{
float distanceFromLeft = x;
float distanceFromRight = width-x;
for (int row=0; row<gridRows; row++)
{
int i = row*gridColumns+col;
if (dist[i]>distanceFromLeft) dist[i] = distanceFromLeft;
if (dist[i]>distanceFromRight) dist[i] = distanceFromRight;
}
x+=gridSize;
}
}

void drawCircles()
{
for (int circle = 0; circle<getNrOfCircles(); circle++)
{
// We assume circles are sorted large to small!

// Find gridpoint with largest distance from anything
int i=0;
int maxR = 0;
int maxC = 0;
float maxDist = dist[0];

for (int r=0; r<gridRows; r++)
for (int c=0; c<gridColumns; c++)
{
if (maxDist<dist[i]) {
maxR= r; maxC= c; maxDist = dist[i];
}
i++;
}

// Calculate position of grid point
float x = gridSize/2.0 + maxC*gridSize;
float y = gridSize/2.0 + maxR*gridSize;

// Apply some random Jitter
x += (rand()/(float)RAND_MAX - 0.5) * 2 * offset;
y += (rand()/(float)RAND_MAX - 0.5) * 2 * offset;

// Update Distance array with new circle;
i=0;
float yy = gridSize/2.0;
for (int r=0; r<gridRows; r++)
{
float xx = gridSize/2.0;
for (int c=0; c<gridColumns; c++)
{
float d2 = (xx-x)*(xx-x)+(yy-y)*(yy-y);

// Naive implementation
// float d = sqrt(d2) - radius;
// if (dist[i]>d) dist[i] = d;

// Optimized implementation (no unnecessary sqrt)
prev2 *= prev2;
if (prev2 > d2)
{
float d = sqrt(d2) - radius;
if (dist[i]>d) dist[i] = d;
}

xx += gridSize;
i++;
}
yy += gridSize;
}
}
}
``````
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I like it, +1. I think this will likely be the best solution. –  Alex D Mar 17 '12 at 9:02
Thanks you Alex. But since Louism didn't accept my answer yet, I just went along and implemented it. –  Kris Van Bael Mar 18 '12 at 14:15
Very nice Kris, that's great! Do you mind posting the code on Git? –  louism Mar 18 '12 at 22:18
I posted the relevant bits of my C++ project. It was a rather quick&dirty proof of concept of the algorithm though, so it's not very clean. –  Kris Van Bael Mar 18 '12 at 22:58
That's incredibly helpful, Kris. I'll award you the bounty as soon as SA lets me do it. –  louism Mar 18 '12 at 23:25

Perhaps some application of force-directed layout would be useful.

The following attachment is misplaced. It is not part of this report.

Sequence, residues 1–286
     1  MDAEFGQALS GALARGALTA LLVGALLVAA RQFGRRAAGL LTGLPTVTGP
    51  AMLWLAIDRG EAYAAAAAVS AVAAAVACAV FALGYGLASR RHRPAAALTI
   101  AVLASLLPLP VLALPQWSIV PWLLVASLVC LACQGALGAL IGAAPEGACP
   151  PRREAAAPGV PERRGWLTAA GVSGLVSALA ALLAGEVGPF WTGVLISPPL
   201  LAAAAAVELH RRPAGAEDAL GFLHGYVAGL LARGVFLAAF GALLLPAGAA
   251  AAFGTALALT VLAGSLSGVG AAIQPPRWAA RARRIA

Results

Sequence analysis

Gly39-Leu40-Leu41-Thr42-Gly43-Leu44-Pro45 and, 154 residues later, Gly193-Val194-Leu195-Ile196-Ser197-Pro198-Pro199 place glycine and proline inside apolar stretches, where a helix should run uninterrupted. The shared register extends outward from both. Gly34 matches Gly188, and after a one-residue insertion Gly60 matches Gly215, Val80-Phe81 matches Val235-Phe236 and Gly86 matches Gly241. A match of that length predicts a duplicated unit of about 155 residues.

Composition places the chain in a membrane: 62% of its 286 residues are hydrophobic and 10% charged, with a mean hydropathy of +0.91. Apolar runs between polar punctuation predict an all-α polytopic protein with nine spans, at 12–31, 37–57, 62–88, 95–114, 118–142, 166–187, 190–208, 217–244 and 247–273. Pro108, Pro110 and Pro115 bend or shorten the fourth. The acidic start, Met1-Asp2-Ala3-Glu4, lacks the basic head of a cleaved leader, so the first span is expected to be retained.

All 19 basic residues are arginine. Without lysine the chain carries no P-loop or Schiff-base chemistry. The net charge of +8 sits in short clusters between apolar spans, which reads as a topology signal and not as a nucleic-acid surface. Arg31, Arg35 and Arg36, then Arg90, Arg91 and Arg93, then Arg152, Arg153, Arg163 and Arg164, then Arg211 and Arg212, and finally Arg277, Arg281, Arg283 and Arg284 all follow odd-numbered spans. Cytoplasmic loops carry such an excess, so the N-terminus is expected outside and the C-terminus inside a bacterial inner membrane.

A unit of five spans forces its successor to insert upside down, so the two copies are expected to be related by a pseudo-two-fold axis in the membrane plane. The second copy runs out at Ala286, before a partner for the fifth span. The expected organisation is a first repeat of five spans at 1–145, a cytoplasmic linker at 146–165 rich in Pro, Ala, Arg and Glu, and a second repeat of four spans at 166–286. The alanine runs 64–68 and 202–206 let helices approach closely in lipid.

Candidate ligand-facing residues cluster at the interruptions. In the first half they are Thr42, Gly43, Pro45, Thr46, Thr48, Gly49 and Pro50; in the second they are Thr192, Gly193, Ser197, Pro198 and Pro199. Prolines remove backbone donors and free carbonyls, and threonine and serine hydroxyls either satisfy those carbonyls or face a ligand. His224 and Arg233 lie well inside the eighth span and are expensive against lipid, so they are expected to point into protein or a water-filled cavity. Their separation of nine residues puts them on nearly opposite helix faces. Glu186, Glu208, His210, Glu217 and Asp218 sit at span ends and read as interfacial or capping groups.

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This solution would be the best for animated layouts. –  louism Mar 18 '12 at 23:39

Since your goal is just to "achieve a pleasing effect", not solve a math problem, you should try the simplest algorithm which could work first and see if it looks good. There should be no need to use very complex math.

I understand that you want the spheres to "fill" the available space, not leaving large empty areas while other areas are crowded. You also want the layout to appear random -- not lined up on a grid or anything like that.

The obvious, dead-simple way to achieve that is simply to place the spheres one by one, in random locations. If one lands on top of an already-placed sphere, generate another random location until you find one where it fits.

It appears there are about 40 spheres in the image shown. The chances of 40 spheres all landing in the same area of the image, leaving the rest of the image empty, is very, very small. As the number of spheres increases, the chances of getting a very unbalanced layout will become close to zero.

Try that first and see if it meets your needs. If it is not "even" enough, you should be able to use some very simple math to bias the randomly chosen locations in favor of choosing empty areas. There should be no need to use complex algorithms.

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+1 for starting simple. But random really doesn't look nice. You did inspire me to edit my answer. –  Kris Van Bael Mar 17 '12 at 8:21
Yes, that's good advice to start. I just tried random non-overlapping locations and it's already better than manually positioning them, but still far from the visual effect I want to achieve. I'll post some updates as I try other solutions. –  louism Mar 17 '12 at 18:38